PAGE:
• If your child is taking any other medicine or herbal supplements, tell their health care provider and pharmacist. Some medicines for diabetes and diuretics (water pills) may affect how inhaled steroids control your child’s asthma.


  • If your child is allergic to the ingredients in these medicines, they should not take the medicine. Call the health care provider right away.
  • Asthma is a disease that always changes. If asthma symptoms seem to be getting worse, call the health care provider.

Special Note for Female Patients

  • If a patient thinks they might be pregnant, tell the health care provider before taking this or any other medicine.
  • If a patient is breastfeeding, they should tell their health care provider before taking this or any other medicine.

Possible Side Effects

  • sore throat
  • thrush (white spots on mouth)
  • dry mouth
  • hoarse voice

What to Do About Side Effects

  • If a skin rash occurs, call your child's health care provider.
  • Your child should brush their teeth or drink water after each dose. This will prevent thrush and a sore throat.

When to Call for Emergency Help

Call for emergency help if:

  • Your child has any signs of an allergic reaction, such as:
    • trouble breathing
    • swelling of the tongue
    • swelling of hands, feet, or ankles

Your child’s breathing is not getting better during an asthma flare-up.

  • Your child’s lips or fingernails turn blue or gray.

When to Call the Health Care Provider

Call your child’s health care provider if they are:

  • Having a severe asthma attack.
  • Exposed to chickenpox or shingles.
  • Having any side effects that continue or are very bothersome.

Other Advice About the Medicine

  • Do not stop giving this medicine or change the amount given without talking with your child’s health care provider or pharmacist first. Taking the same amount of medicine at the same times every day helps control your child’s asthma symptoms and prevents an asthma flare-up.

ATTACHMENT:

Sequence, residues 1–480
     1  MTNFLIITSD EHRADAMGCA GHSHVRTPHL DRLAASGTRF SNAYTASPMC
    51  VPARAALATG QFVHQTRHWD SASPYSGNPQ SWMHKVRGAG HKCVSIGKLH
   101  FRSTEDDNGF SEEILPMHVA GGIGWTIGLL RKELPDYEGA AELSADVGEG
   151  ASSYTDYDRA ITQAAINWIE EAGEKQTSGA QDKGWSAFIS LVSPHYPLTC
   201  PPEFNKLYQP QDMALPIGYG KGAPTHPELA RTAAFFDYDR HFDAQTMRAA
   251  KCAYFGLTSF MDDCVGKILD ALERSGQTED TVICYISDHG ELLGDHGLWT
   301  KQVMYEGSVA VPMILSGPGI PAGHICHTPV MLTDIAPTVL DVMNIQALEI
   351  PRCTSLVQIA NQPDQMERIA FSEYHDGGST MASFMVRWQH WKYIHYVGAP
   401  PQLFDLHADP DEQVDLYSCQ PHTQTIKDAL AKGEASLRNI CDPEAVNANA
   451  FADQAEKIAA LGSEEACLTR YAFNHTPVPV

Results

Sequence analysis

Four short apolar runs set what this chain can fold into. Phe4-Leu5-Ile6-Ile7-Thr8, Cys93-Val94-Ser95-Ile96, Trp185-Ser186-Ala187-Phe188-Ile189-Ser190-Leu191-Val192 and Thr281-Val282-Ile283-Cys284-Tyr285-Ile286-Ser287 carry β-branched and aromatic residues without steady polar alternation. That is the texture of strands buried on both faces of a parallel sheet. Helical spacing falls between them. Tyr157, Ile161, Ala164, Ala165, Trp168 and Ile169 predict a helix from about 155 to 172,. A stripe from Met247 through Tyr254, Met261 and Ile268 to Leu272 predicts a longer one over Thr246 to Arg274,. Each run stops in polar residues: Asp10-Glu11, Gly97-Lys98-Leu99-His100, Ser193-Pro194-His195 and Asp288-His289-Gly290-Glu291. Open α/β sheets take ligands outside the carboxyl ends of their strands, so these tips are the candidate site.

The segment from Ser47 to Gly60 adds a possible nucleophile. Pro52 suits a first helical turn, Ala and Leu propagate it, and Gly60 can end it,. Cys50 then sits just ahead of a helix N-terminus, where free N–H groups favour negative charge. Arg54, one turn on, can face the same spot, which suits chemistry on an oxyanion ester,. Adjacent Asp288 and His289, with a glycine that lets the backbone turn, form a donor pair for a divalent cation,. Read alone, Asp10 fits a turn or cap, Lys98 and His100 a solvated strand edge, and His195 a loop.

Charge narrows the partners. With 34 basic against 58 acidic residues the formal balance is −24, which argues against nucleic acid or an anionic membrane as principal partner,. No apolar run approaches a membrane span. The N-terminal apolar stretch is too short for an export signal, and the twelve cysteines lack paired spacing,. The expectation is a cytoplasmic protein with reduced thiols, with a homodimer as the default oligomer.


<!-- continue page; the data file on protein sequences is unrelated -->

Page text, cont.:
• Tell your health care provider and pharmacist if your child has an allergic reaction to any medicine.
  • If you carry any medicine in your purse, keep it in its childproof bottle. Keep your purse out of the reach of children.
  • Take all your child’s medicines with you in the original bottles whenever they see a health care provider, goes to an emergency room or is admitted to the hospital. This helps providers who may not know your child.
  • Learn the name, spelling and dose of this medicine. Also, teach your child if they are old enough. You will need to know this information when you call your child’s health care provider or pharmacist.
  • If your child takes too much of this medicine, or if someone else takes this medicine, first call the Central Ohio Poison Center at 1 (800) 222-1222 (TTY 614-228-2272). They will tell you what to do.
  • This medicine is prescribed for your child only. Do not give it to anyone else.
  • Do not give expired medicine. Call your health care provider’s office if refills are needed.
  • When your child goes to the dentist, be sure to tell the dentist what medicines they are taking and why.
  • Tell your child’s teacher, school nurse, coach, babysitter, and others that they are taking this medicine and what side effects to watch for.

Follow-up Visits

  • If you have any questions, be sure to ask your child’s health care provider or pharmacist.
  • You can expect to have regular follow-up visits with your child’s health care provider every 3 to 6 months.
  • Write down all your questions as you think of them. Bring this list with you when you see the health care provider.
  • Keep a record of asthma flare-ups and possible triggers. Bring this with you when you see the health care provider.
  • Call the health care provider if you cannot keep an appointment.

If you have any questions, be sure to ask your child’s health care provider, nurse or pharmacist.

Inhaled Corticosteroids PDFs